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Old 08-17-2014, 10:47 AM
 
1,692 posts, read 1,753,164 times
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Do Europeans share this view with me?

If I took an average piece of country in any nation in Europe and stacked it next to the US/Canada equivalent, I find the US one comes in very boring and dull-looking
Most depressing for charm anyone would tell you is a flight from Paris back to Atlanta and then switching from the more charming Air France carrier to connecting to a plain ole mediocre Delta flight with crowded ugly airport lines and mediocred American average-ism
The loss of the long European summer days and comfy temperatures and millennia old landscapes

To a land filled with Walmarts and quizno and Starbucks and humid 90-degree stagnant air and nothing of Any real charm

Most architecturally impressive for the US I find to be the towns around Boston Harbor and Newport Rhode Island, but even those wane in impression next to real harbor towns in Scotland, Ireland, England

I find very little resemblance ANYWHERE in US to real Dutch, Belgian country and architecture

Very mild resemblance between some Midwest towns and Germany,

Perhaps a touch of Barcelona and Nice in San Francisco

Scenic wise the most impressive unmatched US scenery would be the red rocks of the Colorado River in Desert Southwest and Zion national park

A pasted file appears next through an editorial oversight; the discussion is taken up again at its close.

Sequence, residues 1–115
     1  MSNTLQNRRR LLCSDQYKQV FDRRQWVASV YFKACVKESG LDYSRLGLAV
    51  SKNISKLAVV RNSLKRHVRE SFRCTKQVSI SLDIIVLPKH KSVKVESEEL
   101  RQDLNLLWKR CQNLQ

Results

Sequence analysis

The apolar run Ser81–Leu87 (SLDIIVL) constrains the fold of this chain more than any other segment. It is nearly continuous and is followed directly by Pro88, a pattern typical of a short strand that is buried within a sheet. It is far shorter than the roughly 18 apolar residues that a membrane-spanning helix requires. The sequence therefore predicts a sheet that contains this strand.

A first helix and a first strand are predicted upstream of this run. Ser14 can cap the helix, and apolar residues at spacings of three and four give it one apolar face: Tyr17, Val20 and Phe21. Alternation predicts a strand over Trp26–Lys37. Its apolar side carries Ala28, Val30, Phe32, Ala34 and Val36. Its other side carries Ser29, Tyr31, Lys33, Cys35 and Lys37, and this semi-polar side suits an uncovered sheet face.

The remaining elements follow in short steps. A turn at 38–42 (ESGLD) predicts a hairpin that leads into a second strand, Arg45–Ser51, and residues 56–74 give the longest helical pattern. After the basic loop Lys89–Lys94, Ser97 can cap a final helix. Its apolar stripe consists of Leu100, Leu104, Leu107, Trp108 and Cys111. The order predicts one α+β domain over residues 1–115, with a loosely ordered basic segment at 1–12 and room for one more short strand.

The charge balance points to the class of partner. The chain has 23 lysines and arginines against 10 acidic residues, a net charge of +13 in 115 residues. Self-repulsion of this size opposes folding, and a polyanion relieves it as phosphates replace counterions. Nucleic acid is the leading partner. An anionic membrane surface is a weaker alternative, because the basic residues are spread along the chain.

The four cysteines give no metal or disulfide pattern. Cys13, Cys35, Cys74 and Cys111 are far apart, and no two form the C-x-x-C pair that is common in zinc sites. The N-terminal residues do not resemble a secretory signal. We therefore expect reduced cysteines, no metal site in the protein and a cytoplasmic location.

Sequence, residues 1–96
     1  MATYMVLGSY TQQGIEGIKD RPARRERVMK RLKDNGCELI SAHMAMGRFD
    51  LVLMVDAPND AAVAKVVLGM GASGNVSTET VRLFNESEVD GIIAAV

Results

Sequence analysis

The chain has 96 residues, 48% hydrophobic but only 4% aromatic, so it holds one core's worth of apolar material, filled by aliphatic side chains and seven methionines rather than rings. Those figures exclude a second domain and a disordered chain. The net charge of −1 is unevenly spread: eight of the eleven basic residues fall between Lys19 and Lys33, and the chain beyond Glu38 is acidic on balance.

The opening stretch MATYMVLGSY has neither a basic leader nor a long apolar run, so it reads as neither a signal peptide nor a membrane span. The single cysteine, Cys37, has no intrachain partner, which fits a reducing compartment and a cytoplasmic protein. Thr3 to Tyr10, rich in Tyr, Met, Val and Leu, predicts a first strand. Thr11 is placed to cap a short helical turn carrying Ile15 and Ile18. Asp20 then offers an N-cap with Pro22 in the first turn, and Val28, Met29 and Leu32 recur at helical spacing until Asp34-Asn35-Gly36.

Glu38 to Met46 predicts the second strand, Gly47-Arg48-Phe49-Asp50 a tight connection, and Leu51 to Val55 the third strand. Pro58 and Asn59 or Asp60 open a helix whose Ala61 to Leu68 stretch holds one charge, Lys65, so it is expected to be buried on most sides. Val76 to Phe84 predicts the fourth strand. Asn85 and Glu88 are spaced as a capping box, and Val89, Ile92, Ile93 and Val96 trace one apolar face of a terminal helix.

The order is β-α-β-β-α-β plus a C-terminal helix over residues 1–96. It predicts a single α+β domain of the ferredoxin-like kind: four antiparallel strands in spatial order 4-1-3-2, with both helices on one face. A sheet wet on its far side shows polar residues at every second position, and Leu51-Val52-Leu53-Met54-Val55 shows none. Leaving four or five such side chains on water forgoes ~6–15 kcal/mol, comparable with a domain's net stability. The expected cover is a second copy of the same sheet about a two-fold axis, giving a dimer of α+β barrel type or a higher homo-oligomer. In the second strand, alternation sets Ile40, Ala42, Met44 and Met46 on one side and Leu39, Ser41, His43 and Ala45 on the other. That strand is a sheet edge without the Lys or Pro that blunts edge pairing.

But it takes but one European town to capture the charm unfounded in 90% of the US
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Old 08-17-2014, 10:49 AM
 
1,692 posts, read 1,753,164 times
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Maybe it can be argued that some of New England beats the charm in England when it comes to autumn foliage
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Old 08-17-2014, 11:03 AM
 
Location: Guadalajara, Jalisco, Mexico
852 posts, read 863,836 times
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It's all about personal preferences. Myself, I enjoy each place I visit for its uniqueness and not for how much it resembles Europe. If the whole world would be like Europe -a beautiful continent nonetheless- it'll be a really boring world.
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Old 08-17-2014, 11:23 AM
 
1,350 posts, read 2,575,794 times
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You're mostly correct. This was observed as far back as the 1970s in an editorial in the New York Times, no less.

"Because the air conditioner, the airplane and television have smoothed out harsh differences in climate, nearly abolished distance and homogenized popular taste, Americans are become much less regionally diverse.”

http://www.salon.com/chromeo/article...odern_america/

That, and the fact that this is by far the most corporation-dominated society on the planet means that the sameness you've observed all over the US was inevitable.